RSPCA Inspector Claire Mitchell, who led the investigation, said: “Mr Oldfield was found guilty of causing unnecessary suffering to Taegan by failing to provide veterinary treatment for the chronic skin disease and ear infection she was suffering from, and for keeping her in unsuitable conditions.
“Mr Oldfield told the court that he loved his dog and he’d done the best he could but didn’t have the money for veterinary treatment.
“We discovered Taegan had been to the vet one year before and he’d been told she needed treatment but he didn’t take any action.
“Having a pet is extremely expensive and people need to consider whether they can afford the associated costs before taking one on.
“We appreciate that people’s circumstances can change and families can find themselves struggling financially but we would always encourage people to ask for help instead of leaving a pet in pain.”
Inspector Mitchell added: “The judge accepted that Taegan had suffered immensely. She relied on Mr Oldfield and he let her down by failing to get her the help she needed.”
Sentencing: 12-month community order with a 20-day rehabilitation activity requirement and 180 hours of unpaid work. Total of £435 costs and charges. Disqualified from keeping animals indefinitely.
#TheList badger baiters Christian Adam Latcham, born 02/09/87, of Cymmer Road, Porth CF39 9BE, Jamie Richard Rush, born 13/03/92 of Church View, Talgarth, Brecon LD3 0DG, Cyle Griffith Jones, born 09/11/87, of Cwrt Tarrell, Newgate Street, Brecon, Powys LD3 8ED, and Thomas Lawrence Young, born 16/12/92, of no fixed abode but with links to Portskewett in Caldicot and Blaina, Abertillery
Latcham, Jones, Rush and Young were caught badger baiting by an undercover journalist working for BBC Wales. All four denied the charges against them, but were found guilty following a trial.
The four men loaded a pick-up van with shovels and dogs to go to a “pre-arranged” location to dig for badgers in the countryside.
Prosecutor Jon Tarrant said: “They were attempting to take a badger.”
The group did not know they had been joined by the undercover investigator – known as John.
Giving evidence, a BBC researcher said Young introduced him to three other men before they set off on the hunt on March 24, 2018.
He said: “The discussions were that Thomas, Christian and two other individuals were going to West Wales to a pre-designated location and that they were going to be digging for badgers.”
He added that the men met at Latcham’s house where he had a garage transformed into “kennels” – with cages and dogs.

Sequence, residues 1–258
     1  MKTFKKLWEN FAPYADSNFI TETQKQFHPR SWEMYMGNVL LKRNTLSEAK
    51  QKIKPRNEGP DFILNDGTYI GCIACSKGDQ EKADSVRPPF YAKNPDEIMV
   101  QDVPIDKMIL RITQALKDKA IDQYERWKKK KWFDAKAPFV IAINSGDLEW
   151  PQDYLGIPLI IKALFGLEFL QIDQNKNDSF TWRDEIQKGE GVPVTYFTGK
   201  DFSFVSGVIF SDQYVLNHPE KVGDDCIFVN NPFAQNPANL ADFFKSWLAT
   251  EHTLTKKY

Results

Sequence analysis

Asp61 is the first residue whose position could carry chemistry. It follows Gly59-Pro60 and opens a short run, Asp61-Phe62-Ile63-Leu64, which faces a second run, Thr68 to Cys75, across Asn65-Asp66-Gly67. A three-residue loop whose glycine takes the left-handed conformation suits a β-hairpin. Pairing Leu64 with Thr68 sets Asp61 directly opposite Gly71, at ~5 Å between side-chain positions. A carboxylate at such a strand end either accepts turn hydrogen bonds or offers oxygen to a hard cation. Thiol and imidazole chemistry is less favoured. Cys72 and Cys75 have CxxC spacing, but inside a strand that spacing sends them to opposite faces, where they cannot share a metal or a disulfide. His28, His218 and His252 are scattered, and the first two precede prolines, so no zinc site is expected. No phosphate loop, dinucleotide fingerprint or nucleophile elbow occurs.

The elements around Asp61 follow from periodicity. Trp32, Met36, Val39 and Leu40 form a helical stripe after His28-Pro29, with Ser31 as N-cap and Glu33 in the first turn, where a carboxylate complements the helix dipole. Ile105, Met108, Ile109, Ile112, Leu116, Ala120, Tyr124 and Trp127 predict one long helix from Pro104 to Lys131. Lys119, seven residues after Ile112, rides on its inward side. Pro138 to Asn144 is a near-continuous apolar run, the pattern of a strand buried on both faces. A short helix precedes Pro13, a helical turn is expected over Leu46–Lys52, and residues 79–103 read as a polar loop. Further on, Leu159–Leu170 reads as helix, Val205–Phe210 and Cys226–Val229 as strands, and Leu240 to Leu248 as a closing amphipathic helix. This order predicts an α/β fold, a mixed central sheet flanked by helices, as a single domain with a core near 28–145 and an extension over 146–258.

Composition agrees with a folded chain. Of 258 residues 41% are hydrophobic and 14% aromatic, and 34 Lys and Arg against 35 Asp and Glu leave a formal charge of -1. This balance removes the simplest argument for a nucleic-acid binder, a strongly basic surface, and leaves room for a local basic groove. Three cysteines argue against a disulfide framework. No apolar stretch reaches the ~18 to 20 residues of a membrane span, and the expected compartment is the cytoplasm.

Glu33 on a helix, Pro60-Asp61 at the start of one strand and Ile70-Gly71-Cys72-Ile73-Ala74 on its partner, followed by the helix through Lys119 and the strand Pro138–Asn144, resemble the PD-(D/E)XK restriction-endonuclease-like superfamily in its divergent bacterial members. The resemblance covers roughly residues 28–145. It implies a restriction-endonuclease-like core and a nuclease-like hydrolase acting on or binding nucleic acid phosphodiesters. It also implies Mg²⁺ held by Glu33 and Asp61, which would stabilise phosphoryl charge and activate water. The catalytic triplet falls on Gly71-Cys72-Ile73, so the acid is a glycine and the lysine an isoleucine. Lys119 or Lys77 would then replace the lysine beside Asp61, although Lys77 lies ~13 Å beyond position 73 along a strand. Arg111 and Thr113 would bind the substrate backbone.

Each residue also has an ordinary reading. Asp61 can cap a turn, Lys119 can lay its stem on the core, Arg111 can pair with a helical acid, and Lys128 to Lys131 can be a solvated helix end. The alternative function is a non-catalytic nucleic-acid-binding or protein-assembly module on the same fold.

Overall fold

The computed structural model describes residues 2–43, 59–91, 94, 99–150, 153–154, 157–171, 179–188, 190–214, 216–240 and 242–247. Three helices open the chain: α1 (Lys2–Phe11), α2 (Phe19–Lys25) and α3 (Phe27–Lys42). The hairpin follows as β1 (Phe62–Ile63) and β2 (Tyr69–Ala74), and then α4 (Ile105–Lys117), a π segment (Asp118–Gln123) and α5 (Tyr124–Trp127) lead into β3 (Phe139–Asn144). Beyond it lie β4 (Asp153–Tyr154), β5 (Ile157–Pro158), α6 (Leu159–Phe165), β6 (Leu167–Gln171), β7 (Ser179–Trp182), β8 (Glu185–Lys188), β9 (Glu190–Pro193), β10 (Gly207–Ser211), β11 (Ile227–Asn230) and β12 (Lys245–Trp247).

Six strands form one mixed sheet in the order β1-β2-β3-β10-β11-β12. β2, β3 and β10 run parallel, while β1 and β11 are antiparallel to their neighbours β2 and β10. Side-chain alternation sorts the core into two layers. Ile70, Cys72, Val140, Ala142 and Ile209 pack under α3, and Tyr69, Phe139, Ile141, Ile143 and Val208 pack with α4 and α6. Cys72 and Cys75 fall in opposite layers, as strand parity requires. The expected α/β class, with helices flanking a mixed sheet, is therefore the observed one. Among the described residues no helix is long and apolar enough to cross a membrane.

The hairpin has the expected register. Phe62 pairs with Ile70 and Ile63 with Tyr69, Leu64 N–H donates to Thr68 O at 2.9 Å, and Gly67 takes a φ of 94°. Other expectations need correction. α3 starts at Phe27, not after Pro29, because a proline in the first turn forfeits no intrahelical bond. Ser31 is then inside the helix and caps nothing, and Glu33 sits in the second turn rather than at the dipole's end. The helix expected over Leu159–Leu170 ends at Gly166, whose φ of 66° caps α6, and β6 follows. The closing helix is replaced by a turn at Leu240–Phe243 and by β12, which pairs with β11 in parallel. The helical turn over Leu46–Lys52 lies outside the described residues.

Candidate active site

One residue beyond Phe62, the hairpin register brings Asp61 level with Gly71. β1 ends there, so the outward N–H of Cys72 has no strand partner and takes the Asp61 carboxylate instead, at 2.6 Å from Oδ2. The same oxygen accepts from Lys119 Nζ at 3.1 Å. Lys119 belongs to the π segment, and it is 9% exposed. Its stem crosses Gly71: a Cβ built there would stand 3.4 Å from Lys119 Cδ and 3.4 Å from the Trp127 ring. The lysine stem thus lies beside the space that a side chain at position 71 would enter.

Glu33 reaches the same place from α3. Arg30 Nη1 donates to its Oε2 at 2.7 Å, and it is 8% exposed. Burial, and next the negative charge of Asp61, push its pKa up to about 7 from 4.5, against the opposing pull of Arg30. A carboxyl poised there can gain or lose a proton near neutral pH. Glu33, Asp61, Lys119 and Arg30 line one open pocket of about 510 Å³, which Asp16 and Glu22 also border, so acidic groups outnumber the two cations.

They then set off from the Rhondda Valleys, South Wales, to Llanddewi Velfrey in Pembrokeshire.
The undercover investigator said the men discussed that they would “dig for billies/badgers” on the journey.
He said when the men arrived at a field they donned “wellies and country wear” and put collars on the dogs to track their whereabouts.
He said: “They explained to me what would happen when they put the dogs down into the tubes, as they called it. Into the set.
“They explained about monitoring the dog in the ground.”
The court heard that when the dog stopped underground the men began to dig.
He added: “When it stopped I was told that was when we would dig down.
“When we dug down there wasn’t anything with that dog.
“We repeated this cycle for a number of hours.”
The court heard that larger dogs were brought to the holes “in readiness” to attack the badgers.
One hole was so deep that Latcham’s head could not be seen above the ground as he stood in it.
Christian Latcham has 12 previous convictions for 24 offences, including for causing unnecessary suffering to an animal.
Cyle Jones has 13 previous convictions for 18 offences, including animal cruelty.
Rush has eight previous convictions for nine offences and has previously been sentenced to two years in prison.
Of the four defendents only Rush gave evidence during the four day trial in front of District Judge Neil Thomas.
Judge Thomas said: “I have no difficulty coming to the unreserved conclusion, that he was not telling the truth.”
When Cyle Jones was taken away, someone in the public gallery shouted “keep your head up love”, he was previously jailed in June 2019 for 18 weeks after admitting unnecessary cruelty to animals, relating to two dogs who were injured.
Sentencing: Latcham was jailed for 26 weeks, Jones and Rush for 22 weeks. Thomas Young was sentenced to 20 weeks in custody, suspended for 12 months and will be subject to a curfew. Young and Jones are already banned from keeping dogs for life and Latcham has an indefinite ban following a 2011 cruelty conviction.